'Don't Ask, Don't Get': How to Fix the Gender Gap in Salary Negotiations

Many women have trouble asking for more money at work—but it doesn't have to be that way.

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A decade ago, my grandfather waxed rhapsodic about my first job out of college at a big publishing house in Manhattan, excited by every detail. That is, he was excited, until we got to my paycheck, which bore a paltry number that was irreconcilable with the cost of living in New York.

"Baby, do you know how to ask for the money?" It was simple, direct question, but my answers were not. I spoke of industry standards and perceived meritocracies, all of which he rejected, one after another. Born and raised poor in Detroit, he was a high school drop-out who owned three car dealerships by the time he was my age.

I shrugged his question off as the assumption of a gifted businessman from a different era, but as 2012's year-end reviews wrap up, I am reminded that my grandfather was right, and I was wrong.

Many women don't know how to ask for the money. So many, in fact, that Carnegie Mellon runs a Negotiation Academy for Women co-founded by Linda C. Babcock, a professor of economics. Babcock has also co-authored two books on the subject, Women Don't Ask and Ask For It. In her first book, she offers some troubling statistics:

  • Men initiate negotiations about four times as often as women.
  • When asked to choose a metaphor to describe the negotiation process, women picked "going to the dentist." For comparison, Men chose "winning a ballgame."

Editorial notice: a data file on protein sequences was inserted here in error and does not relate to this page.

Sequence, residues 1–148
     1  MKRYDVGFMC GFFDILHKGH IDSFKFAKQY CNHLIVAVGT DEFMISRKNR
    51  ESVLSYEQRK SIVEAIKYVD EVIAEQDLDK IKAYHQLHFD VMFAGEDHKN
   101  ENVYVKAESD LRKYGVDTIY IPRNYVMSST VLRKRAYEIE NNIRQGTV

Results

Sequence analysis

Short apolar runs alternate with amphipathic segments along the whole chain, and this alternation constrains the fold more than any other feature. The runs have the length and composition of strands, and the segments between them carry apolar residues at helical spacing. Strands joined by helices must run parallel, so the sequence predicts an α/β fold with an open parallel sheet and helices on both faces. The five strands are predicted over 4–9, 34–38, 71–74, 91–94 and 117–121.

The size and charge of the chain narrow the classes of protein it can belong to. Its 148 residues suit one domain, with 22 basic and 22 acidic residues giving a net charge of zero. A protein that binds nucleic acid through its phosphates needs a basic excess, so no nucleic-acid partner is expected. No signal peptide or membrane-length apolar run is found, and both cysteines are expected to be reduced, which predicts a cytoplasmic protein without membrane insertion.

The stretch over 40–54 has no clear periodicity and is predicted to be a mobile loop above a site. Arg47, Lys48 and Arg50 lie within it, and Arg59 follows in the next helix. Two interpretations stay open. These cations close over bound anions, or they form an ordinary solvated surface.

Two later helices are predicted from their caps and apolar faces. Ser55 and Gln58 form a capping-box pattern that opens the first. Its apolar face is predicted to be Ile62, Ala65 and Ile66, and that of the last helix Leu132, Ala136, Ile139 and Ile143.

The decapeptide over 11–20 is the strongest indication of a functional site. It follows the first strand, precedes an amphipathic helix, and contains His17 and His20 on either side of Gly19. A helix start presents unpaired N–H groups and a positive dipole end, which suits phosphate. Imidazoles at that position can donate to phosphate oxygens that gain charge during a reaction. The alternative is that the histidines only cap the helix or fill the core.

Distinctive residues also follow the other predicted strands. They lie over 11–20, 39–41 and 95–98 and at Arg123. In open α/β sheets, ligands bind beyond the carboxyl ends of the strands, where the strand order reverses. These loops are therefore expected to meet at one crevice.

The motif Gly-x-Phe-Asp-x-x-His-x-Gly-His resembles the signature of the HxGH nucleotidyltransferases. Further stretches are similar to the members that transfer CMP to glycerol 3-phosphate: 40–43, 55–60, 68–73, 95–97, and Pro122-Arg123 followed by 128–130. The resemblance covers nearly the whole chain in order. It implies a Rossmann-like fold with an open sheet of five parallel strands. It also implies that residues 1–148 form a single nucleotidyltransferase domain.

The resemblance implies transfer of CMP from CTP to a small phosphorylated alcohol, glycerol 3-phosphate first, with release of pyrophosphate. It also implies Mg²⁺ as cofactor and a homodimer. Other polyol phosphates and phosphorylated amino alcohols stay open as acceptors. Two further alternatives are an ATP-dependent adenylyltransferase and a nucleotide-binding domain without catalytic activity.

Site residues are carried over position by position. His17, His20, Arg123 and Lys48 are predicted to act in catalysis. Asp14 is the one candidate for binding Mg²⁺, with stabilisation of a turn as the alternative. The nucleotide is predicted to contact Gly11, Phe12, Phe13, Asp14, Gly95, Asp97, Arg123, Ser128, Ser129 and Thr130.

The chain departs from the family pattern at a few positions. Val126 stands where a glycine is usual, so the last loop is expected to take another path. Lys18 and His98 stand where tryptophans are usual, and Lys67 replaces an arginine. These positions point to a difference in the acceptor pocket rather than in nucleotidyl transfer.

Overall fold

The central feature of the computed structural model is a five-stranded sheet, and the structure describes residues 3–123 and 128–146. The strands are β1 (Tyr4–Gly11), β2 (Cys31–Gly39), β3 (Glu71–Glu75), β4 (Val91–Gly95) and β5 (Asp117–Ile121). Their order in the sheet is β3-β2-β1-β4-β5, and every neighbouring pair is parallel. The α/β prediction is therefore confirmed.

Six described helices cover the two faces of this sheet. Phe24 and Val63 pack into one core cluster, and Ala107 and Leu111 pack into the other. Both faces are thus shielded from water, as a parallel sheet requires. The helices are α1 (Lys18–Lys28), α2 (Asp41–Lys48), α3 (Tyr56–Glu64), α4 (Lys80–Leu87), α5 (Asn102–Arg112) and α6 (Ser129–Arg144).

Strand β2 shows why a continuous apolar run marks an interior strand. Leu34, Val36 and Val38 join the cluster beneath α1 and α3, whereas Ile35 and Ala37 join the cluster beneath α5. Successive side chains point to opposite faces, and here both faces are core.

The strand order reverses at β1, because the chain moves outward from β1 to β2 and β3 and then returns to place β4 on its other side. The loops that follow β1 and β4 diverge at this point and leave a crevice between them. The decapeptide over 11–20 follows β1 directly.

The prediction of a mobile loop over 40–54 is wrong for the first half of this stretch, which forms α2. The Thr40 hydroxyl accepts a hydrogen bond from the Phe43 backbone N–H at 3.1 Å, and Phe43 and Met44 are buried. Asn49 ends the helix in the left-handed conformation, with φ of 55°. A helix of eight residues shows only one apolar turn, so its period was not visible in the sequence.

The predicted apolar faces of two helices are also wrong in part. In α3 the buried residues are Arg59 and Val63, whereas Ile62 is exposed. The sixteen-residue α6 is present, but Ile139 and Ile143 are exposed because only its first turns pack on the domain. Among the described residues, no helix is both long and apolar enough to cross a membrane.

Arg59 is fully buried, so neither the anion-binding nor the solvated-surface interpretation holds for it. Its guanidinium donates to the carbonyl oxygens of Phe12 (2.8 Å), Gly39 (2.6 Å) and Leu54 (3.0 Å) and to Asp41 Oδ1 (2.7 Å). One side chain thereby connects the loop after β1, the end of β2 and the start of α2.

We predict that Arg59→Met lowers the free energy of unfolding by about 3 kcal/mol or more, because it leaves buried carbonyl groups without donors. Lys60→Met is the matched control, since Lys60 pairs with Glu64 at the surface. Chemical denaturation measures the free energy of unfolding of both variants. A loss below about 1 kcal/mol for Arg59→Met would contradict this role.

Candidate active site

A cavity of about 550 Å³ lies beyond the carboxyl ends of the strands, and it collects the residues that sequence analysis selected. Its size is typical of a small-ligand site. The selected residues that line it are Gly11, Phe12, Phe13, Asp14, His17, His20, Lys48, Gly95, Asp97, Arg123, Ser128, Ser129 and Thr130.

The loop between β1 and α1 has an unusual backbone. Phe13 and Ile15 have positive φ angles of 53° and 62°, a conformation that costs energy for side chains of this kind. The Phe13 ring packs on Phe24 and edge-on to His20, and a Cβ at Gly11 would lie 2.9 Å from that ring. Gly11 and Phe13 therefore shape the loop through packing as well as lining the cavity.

• Women enter negotiations with pessimistic expectations about what wage increases are available, and thus if they do negotiate, they don't ask for much: 30 percent less than men.
  • 20 percent of adult women say they never negotiate at all, even when it may be appropriate.

"If you don't ask, you don't get," said Holly Schroth, who holds a doctorate in social psychology and is a senior lecturer at Berkeley's Haas School of Business.

Schroth urges female students to vie for larger bonuses and salary increases and offers several strategies. In her experience, women have proven more successful with off-cycle requests, meaning they seek opportunities to negotiate outside of year-end reviews. The best time, Schroth strongly believes, is in the wake of an achievement. Instead of looking for a new job outside the company, where the same problem may come up again, look within. Women should focus on developing skills, which might mean switching departments internally. Regardless of the means, Schroth argues that listing achievements not only makes a woman's case stronger, but allows her to feel more comfortable in the discussion.

In Schroth's experience, there is one exception to the women-don't-ask-for-money rule: While women will avoid arguing on their own behalf, they strongly advocate for their subordinates.

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Alexis Coe is a writer in San Francisco and a columnist for SF Weekly.

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